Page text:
Bhamathi sub school bases itself on the Bhamathi sub commentary of Vachaspathi Mishra on Sankara’s Brahma Sutra Bhashya. Scholars opine that there was an advaitin Mandana Misra who was a contemporary of Sankara and wrote the work Brahma Siddhi. The means propounded by this Mandana Mishra in his Brahma Siddhi (independent work) is different from Sankara and traditional Advaita Vedanta. Thus there are differences of opinion on this (many places Sureshwara too refutes the views of Mandana Mishra in his Naishkarmya Siddhi) (Sankara’s and Mandana Mishra’s means to the final goal of Advaita). Vachaspathi Mishra wrote the first complete commentary on Sankara’s BSB titled Bhamathi (there was Panchapaadika of Padmapada acharya but this work analyzes only the first four sutra bhashyas (but there are proofs from Bhamathi that Padmapada had written an entire commentary on Sankara’s BSB and Madhava vidyaranya’s Sankara dig vijaya too tells it the same way – but scholars differ on this). Scholars thus opine that Vachaspathi tried to harmonize Sankara with Mandana Mishra – thus in many places, he uses Brahma Siddhi means which might seem to be against Sankara’s means. Even in some places, vachaspathi goes against Sankara’s bhashya to interpret in a different way which is supported in Amalananda’s Kalpatharu sub-commentary on Bhamathi (it is interesting to note that Prakataartha Vivarana of Anubhooti svaroopacharya refutes the places where bhamathi goes against Sankara - but the views of this acharya is refuted and bhamathi supported by Amalananda). It finally ends up in Appayya Dikshitar’s parimala sub commentary on Kalpatharu where dikshitar supports Sankara while refuting Bhamathi in those places. Enough of this too much explanations ---- this sub school is based on Bhamathi mainly and Kalpatharu-Parimala secondarily to interpret Bhamathi properly. This is the first sub-school of Advaita Vedanta. There are less number of followers for Bhamathi school these days (most followers are in north I believe) but still it is interesting to note that Gauda Brahmananda Saraswathi in his Nyaaya Ratnaavalee on Siddhanta Bindu of Madhusudana Saraswathi says that Vedanta shaastra includes the five works of Brahma Sutra, Sankara’s Brahma Sutra Bhashya, Bhamathi, Kalpatharu and Parimala. It is generally held that there are very few who have read all the five works and mastered them (the entire five works are published by Nag Publishers in two volumes for 400 Rs. Chaukhambha Press too have brought out the five works for 650 Rs.).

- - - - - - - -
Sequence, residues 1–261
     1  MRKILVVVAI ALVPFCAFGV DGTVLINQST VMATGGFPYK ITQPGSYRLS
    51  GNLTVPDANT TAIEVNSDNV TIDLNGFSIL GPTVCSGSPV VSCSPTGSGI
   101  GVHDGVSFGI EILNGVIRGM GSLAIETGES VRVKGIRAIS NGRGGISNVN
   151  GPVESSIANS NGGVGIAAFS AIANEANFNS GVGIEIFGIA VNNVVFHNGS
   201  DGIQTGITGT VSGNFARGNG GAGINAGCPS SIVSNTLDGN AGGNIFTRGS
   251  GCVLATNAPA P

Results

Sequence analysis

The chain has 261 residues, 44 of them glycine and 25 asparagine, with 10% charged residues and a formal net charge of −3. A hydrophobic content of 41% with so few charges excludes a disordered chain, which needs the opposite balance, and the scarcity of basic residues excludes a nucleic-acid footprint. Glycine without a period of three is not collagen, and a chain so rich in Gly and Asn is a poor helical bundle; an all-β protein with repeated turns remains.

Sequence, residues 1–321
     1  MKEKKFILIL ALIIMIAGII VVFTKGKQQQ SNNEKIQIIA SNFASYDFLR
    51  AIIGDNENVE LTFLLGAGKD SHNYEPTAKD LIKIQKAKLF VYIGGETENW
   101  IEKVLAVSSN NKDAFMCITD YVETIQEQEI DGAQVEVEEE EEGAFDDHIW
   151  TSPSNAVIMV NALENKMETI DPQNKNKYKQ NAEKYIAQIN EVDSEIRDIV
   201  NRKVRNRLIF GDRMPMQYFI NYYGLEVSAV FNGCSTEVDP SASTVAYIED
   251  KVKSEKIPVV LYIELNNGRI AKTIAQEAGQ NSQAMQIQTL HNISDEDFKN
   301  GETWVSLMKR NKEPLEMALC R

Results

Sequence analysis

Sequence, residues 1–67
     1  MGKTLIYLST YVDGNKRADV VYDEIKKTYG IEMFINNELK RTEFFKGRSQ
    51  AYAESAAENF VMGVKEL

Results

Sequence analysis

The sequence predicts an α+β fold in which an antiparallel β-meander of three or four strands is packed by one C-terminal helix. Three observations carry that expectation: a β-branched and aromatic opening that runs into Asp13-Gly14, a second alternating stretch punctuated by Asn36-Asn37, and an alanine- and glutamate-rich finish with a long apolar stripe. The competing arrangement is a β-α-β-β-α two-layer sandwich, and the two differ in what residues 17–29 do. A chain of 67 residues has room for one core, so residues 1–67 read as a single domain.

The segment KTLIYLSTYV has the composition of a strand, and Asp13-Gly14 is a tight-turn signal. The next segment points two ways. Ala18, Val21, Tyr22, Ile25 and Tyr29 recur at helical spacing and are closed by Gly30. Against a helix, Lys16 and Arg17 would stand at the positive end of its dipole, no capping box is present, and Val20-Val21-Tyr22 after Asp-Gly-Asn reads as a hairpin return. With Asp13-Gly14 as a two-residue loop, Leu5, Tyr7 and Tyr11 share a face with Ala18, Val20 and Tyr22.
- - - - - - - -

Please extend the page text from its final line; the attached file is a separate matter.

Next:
2) Vivarana Prasthaana

As mentioned earlier, Padmapaada had written Panchapadika on Sankara’s Brahma Sutra Bhashya which was again explained in detail by Prakaasaatman in Panchapaadika Vivarana. There are many sub commentaries on Vivarana of Prakaashaatman. The school which bases itself on Vivarana of Prakaasaatman is called Vivarana school. The important sub commentaries on Vivarana are Akhandaananda Tattva Dipana and RjuVivarana of Sarvajna Vishnu – there are as well sub commentaries on it by Chitsukha and Nrsimha ashrama. Amalananda has also written Panchapaadika Darpana. This school is very famous and has many acharyas following it. Two of the three complete commentary on Sankara’s BSB (one being bhamathi) follow Vivarana school only – these are Anandagiri’s Nyaaya Nirnaya and Govindananda’s Bhashya Ratna Prabha. We can very clearly say that this school bases on one of Sankara’s direct shishya or disciple (Sachidanandendra Saraswathi does show in some work that this school differs from Sankara’s BSB but it is worthy enough to analyze on that – might be we can take that up for Ph. D when lot of free time is there).

3) Vartika Prasthaana

Sureshwaracharya, after being guided by Sankara, wrote vartikas on Sankara’s Taittiriya and Brihadaranyaka Bhashyas. Vartika is that commentary in which ukta, anuktha and duruktas are mentioned – ukta is explaining in detail whatever the original work does – anuktha is explaining that which has been left out in the origin – duruktha is making correct whatever has been explained either wrongly/incompletely in the original work. Sureshwaracharya thus differs in almost 4-5 places in the Brihadaranyaka Vartika from Sankara’s Brihadaranyaka Bhashya. The Brihadaranyaka Vartika consists of as much as 12,000 slokas which has been further commented by Anandagiri and vidyaasagara. Vidyaranya has condensed the vartika into a work called Vartika saara. The school based on Vidyaranya’s as well as Bharathi Teertha’s works (which themselves base on Vartika of Sureshwara) is called Vartika school. We can thus very well clearly find differences between ishwara in vivarana and this school. Vivarana considers ishwara as Bimba Chaitanya (that original consciousness which is reflected and becomes jeevas) whereas vartika school considers both ishwara and jeeva as illusory and not real at all (this is clearly found in Panchadashi many places). But we have to remember that Vidyaranya and Bharathi Teertha have written vivarana prameya sangraha which is summarizing Vivarana of Prakaasatman where they follow the vivarana school very clearly. I have also found in one place in panchadashi where vidyaranya refutes bhamathi view of jeeva.

advaita vedanta : https://en.wikipedia.org/wiki/Advaita_Vedanta
sub-schools of advaita : http://jeevaaspervarioussystems.blogspot.com/2006/09/different-sub-schools-of-advaita.html

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    The answer is good from historical perspective, I was looking for an answer which summarized the philosophical differences. What exactly are the philosophical differences between these schools? – VARUN.N RAO Aug 19 '19 at 14:47